Thinking Beyond the Poetry-Prose Binary
Thinking Beyond the Poery-Prose Binary
MLA Special Session, Seattle, WA, January 9-12, 2020
Organized by Nick Bujak, Oglethorpe University, and Lizzy LeRud, Emory University
This panel seeks to uncover the history of one of our most entrenched classification systems: the division of literature into “poetry” and “prose.” Before this binary emerged, “poetry” was often deployed as a generic term for imaginative or creative literature in general—that is to say, the term “poetry” encompassed texts written in prose. And since at least the 18th century, many theorists, philosophers, and writers have proposed that any perceived differences between poetry and prose are relative, not essential. Both are comprised of words, both may be arranged typographically in various ways—in lines, in paragraphs of sentences, or otherwise—and both draw freely from the complete range of literary styles and tools, like rhythm, sound patterning, focalization, figures, imagery, narration, or address. In the words of William Wordsworth, “there neither is, nor can be, any essential difference between the language of prose and metrical composition.” Perplexingly, 20th century writers tended to agree with Wordsworth even as they increasingly relied on this division. For example, in his modernist defense of poetry, “The Serious Artist,” Ezra Pound roundly dismisses the question “What is the difference between poetry and prose,” but then he bisects all “good writing” into either prose (to be used for communicating ideas) or poetry (for “an idea and its concomitant emotions”). Contemporary poetry cultures continue to embrace this paradoxical tendency to define poetry by its difference from prose despite tacit agreement that the two are not essentially different. On the one hand, literary forms like the prose poem continue to point up the perpetually unfixed borderline between poems and prose. On the other hand, common usage reinforces an oppositional definition. Even specialists often fall back on these distinctions: many university creative writing programs offer students a course of study in either poetry or prose, and in publishing, poetry and prose distinctions are customary when collecting writers’ works, sometimes even when the writers themselves opposed such divisions. How and when did this dichotomy emerge? Why do these categories persist? And how do they color how we read, write, and study literature today?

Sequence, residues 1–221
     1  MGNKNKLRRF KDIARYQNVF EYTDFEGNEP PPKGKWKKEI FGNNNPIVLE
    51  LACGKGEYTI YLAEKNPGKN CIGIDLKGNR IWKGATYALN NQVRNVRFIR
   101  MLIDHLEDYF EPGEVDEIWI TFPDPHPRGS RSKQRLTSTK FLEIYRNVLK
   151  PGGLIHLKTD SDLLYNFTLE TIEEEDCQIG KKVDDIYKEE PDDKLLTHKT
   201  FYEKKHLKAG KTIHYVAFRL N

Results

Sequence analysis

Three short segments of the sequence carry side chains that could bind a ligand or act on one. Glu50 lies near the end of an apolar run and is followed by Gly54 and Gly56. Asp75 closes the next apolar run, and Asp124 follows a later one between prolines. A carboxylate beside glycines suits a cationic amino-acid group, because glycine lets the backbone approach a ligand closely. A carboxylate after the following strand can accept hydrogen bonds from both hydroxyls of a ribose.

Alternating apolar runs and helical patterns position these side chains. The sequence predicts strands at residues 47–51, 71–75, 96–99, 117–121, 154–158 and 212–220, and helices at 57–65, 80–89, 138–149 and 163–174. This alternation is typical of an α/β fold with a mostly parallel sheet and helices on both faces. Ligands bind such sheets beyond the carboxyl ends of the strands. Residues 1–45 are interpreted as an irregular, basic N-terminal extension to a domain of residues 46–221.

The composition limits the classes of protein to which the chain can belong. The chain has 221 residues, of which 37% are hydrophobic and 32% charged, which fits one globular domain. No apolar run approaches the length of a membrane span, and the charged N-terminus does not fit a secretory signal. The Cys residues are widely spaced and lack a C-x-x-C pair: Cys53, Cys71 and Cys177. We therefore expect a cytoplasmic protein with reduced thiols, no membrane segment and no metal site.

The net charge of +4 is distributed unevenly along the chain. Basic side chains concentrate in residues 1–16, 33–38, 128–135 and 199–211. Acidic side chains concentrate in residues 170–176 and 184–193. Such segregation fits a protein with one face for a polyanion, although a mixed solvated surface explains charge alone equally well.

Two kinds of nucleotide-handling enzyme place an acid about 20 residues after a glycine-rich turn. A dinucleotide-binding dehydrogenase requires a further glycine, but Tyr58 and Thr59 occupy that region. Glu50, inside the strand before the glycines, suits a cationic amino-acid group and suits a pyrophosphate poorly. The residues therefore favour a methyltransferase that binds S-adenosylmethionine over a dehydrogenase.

We welcome papers addressing the binary relationship between poetry and prose, broadly construed: the emergence of prose genres (novel, essay) in relation to poetry ones (lyric, epic); the rise of heterogenous forms like prose poems and verse novels; the historical definitions and shifting purview of terms such as “prose” versus “poetry,” “paragraph” versus “stanza,” “verse,” “line,” or “poem”; and related practices of reading, writing, theorizing, criticizing, publishing, and circulating texts as “poems,” “prose,” both, or neither.